The Gap Between Text and Context: An Analysis of Ontario’s Indigenous Education Policy


  • Jesse K. Butler University of Ottawa



Indigenous education, educational policy, content analysis, document analysis, Ontario


This paper analyzes the 2007 Ontario First Nation, Métis, and Inuit Education Policy Framework, alongside its 2014 Implementation Plan. Content analysis is used to determine what specific actions are prioritized in each document, first through a quantitative analysis of the various strategies put forth, then a qualitative analysis of what larger purpose these strategies might indicate. The findings suggest a significant shift in the 2014 document away from substantive action and toward data management, specifically in regard to encouraging Indigenous student self-identification. Coming just two years before the 2016 target date for the original plan laid out in the Framework, it seems unlikely that this belated emphasis on self-identification is for the originally stated purpose of establishing baseline data to implement and evaluate specific programs, but could instead be used as a type of symbolic policy, to obscure the absence of substantive change. Conversely, it is suggested that the Ministry of Education should establish a new baseline and strategy, beginning in 2016, to implement specific, targeted programming for Indigenous students.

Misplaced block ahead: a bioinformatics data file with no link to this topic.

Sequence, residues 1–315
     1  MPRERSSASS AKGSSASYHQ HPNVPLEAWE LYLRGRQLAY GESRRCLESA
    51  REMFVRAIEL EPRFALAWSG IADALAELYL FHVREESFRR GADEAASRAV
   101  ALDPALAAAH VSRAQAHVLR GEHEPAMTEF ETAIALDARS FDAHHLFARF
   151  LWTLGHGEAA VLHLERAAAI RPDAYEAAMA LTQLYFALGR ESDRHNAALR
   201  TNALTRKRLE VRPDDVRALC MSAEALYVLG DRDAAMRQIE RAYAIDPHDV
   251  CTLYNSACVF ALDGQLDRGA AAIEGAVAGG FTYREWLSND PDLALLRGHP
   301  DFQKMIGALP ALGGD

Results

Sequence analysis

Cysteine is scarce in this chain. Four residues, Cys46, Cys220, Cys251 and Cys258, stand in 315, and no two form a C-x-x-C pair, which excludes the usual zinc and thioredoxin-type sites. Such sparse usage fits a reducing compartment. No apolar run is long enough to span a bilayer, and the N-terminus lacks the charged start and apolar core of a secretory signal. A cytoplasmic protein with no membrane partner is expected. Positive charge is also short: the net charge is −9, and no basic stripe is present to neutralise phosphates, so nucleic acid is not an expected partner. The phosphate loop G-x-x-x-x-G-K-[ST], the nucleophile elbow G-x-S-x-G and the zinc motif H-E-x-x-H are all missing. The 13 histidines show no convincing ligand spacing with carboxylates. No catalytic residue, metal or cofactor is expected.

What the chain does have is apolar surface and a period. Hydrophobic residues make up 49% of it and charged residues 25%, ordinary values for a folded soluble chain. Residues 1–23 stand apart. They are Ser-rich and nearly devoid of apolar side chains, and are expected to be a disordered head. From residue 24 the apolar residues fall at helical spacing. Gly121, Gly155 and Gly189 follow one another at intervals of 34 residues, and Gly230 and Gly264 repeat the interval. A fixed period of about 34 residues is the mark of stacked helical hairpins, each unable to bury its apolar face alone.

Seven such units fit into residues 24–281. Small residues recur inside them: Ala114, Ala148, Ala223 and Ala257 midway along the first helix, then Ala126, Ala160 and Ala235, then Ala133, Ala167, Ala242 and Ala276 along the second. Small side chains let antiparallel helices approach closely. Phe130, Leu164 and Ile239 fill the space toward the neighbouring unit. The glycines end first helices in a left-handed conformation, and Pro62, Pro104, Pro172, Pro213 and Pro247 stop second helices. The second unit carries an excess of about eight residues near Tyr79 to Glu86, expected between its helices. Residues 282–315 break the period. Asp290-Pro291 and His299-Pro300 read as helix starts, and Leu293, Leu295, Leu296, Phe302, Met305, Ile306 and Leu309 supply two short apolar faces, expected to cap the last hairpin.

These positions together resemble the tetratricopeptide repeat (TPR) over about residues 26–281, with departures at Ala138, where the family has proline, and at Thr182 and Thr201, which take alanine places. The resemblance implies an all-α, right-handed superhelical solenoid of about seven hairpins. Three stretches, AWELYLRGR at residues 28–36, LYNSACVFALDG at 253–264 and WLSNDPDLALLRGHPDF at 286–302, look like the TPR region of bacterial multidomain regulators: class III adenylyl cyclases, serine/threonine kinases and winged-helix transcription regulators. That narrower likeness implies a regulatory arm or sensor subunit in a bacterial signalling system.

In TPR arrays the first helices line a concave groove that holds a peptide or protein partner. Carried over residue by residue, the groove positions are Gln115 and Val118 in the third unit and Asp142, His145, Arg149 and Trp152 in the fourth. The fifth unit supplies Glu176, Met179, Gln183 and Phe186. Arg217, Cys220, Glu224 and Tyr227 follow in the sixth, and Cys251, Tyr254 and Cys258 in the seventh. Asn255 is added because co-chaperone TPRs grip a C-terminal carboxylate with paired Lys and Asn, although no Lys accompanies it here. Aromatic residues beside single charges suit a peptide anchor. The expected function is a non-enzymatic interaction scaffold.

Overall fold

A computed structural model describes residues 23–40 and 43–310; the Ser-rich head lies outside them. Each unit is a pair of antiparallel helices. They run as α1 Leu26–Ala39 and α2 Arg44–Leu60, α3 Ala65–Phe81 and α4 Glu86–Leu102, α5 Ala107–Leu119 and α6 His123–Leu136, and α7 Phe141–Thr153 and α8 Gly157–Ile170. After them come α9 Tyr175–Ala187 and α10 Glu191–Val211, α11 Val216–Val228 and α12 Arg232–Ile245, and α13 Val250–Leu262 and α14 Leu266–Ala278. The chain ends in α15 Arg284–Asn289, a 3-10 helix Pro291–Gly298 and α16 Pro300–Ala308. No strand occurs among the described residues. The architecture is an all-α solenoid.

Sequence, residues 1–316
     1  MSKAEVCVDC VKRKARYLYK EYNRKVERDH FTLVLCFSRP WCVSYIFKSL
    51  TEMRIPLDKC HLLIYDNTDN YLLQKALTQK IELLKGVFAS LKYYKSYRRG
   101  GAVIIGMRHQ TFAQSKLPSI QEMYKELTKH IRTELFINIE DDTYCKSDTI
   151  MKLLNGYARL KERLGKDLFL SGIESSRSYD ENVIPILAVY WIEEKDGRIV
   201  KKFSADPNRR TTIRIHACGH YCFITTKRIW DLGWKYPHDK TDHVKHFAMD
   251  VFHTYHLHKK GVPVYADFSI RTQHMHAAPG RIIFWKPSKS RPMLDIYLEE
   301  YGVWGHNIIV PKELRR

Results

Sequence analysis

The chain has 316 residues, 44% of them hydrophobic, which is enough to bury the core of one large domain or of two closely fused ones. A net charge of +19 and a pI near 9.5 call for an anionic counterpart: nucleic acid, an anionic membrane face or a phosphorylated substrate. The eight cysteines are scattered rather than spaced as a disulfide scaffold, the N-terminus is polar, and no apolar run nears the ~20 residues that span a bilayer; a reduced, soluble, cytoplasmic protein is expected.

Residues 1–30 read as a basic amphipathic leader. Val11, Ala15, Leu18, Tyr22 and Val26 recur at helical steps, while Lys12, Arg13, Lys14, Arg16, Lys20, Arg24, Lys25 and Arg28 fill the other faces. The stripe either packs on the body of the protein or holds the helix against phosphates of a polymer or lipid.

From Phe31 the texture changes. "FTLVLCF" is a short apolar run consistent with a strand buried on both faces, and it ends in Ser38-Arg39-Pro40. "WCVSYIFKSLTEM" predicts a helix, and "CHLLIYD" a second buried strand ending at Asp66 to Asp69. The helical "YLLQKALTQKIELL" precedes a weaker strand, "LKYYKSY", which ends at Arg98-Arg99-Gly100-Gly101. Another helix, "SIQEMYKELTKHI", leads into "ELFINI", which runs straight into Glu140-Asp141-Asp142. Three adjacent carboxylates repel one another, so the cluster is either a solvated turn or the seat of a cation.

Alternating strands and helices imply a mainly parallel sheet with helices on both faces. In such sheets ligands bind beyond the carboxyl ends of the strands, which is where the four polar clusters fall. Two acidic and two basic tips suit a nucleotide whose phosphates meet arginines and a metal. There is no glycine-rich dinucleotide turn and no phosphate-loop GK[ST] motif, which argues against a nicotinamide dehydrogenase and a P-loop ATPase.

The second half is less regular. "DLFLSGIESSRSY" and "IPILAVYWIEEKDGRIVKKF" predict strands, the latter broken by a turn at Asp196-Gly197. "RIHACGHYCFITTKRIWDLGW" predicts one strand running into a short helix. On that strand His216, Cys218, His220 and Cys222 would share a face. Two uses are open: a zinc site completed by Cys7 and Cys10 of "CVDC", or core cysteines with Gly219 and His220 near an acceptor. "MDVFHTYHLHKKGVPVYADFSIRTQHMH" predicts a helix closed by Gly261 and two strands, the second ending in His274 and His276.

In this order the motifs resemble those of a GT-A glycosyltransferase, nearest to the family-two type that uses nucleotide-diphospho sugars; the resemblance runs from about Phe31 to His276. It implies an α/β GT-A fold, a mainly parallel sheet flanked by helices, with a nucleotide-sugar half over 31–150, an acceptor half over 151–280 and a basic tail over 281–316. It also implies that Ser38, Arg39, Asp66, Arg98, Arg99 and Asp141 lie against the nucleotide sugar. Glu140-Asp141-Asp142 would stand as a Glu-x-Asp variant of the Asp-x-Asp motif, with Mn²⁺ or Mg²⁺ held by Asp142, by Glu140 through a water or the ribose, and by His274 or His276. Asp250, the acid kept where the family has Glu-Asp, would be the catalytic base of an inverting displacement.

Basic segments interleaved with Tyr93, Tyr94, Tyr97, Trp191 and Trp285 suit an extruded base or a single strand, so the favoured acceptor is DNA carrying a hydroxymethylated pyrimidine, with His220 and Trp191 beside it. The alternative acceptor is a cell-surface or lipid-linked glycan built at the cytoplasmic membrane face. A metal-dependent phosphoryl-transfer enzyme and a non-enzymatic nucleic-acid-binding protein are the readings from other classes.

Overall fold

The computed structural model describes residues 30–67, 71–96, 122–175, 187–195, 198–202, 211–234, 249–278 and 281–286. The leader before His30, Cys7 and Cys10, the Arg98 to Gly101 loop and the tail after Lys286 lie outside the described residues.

Keywords: Indigenous education; educational policy; content analysis; document analysis; Ontario